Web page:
The Economic Policy Institute article CEO pay has skyrocketed 1,460% since 1978 by Josh Bivens and Jori Kandra (10/2/2022) include the chart here. Definitions first:
The realized measure of compensation includes the value of stock options as realized (i.e., exercised), capturing the change from when the options were granted to when the CEO invokes the options, usually after the stock price has risen and the options values have increased.
The granted measure of compensation values stock options and restricted stock awards by their “fair value” when granted. (Compustat estimates of the fair value of options and stock awards as granted are determined using the Black-Scholes model.)
CEO’s are doing better than the mere top 0.1%:
Over the last three decades, compensation grew far faster for CEOs than it did for other very highly paid workers (the top 0.1%, or those earning more than 99.9% of wage earners). CEO compensation in 2020 (the latest year for which data on top wage earners are available) was 6.88 times as high as wages of the top 0.1% of wage earners, a ratio 3.7 points greater than the 3.18-to-1 average CEO-to-top-0.1% ratio over the 1947–1979 period.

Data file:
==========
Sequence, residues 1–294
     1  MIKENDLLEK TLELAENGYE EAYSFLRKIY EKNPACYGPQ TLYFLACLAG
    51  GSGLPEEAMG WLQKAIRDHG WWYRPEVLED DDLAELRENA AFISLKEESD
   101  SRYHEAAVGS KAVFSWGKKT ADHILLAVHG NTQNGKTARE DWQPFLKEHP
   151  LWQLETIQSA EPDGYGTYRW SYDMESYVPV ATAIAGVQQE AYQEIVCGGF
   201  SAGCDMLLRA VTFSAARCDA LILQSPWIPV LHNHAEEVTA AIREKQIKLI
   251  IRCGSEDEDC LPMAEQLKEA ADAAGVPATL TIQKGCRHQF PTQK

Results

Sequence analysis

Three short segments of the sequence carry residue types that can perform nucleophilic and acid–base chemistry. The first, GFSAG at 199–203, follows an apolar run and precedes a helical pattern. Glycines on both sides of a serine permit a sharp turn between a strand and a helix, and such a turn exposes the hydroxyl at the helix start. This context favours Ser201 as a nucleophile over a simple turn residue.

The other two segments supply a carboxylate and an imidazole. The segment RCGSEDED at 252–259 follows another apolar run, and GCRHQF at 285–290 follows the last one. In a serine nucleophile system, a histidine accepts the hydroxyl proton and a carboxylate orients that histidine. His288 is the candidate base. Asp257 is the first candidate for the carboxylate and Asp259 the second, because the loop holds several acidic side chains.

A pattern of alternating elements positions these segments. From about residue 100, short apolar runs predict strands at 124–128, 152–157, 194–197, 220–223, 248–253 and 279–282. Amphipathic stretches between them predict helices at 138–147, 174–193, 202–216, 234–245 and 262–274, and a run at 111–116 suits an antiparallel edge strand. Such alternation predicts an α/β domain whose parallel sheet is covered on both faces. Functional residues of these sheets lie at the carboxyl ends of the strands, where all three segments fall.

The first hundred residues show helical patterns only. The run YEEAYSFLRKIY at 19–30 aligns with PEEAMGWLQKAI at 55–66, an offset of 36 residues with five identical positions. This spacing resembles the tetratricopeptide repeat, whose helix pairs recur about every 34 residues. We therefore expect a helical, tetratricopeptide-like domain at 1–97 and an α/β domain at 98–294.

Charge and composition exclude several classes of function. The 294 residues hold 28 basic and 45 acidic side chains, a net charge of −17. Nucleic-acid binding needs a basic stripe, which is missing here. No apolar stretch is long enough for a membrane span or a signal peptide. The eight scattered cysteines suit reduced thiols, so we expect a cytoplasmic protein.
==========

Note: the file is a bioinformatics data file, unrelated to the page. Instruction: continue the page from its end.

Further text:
One outlier (he has the money to buy twitter I guess):
In 2021, Elon Musk (CEO of Tesla Motors) exercised $23.5 billion worth of stock options that would have expired in 2022. Under our “realized” methodology, this would have made his pay almost 1,000 times that of the average large-company CEO. Including him in our sample would have resulted in an increase of CEO pay in 2021 relative to 2020 of over 300% (the “average” for the sample would have been just under $100 million).
Because inclusion of this extreme outlier would have made this year’s numbers incomparable with previous years’ numbers, we opted to exclude Tesla and Musk from our sample entirely.
The article is excellent not just because of all the other graphs and access to data but they thoroughly explain their methodology.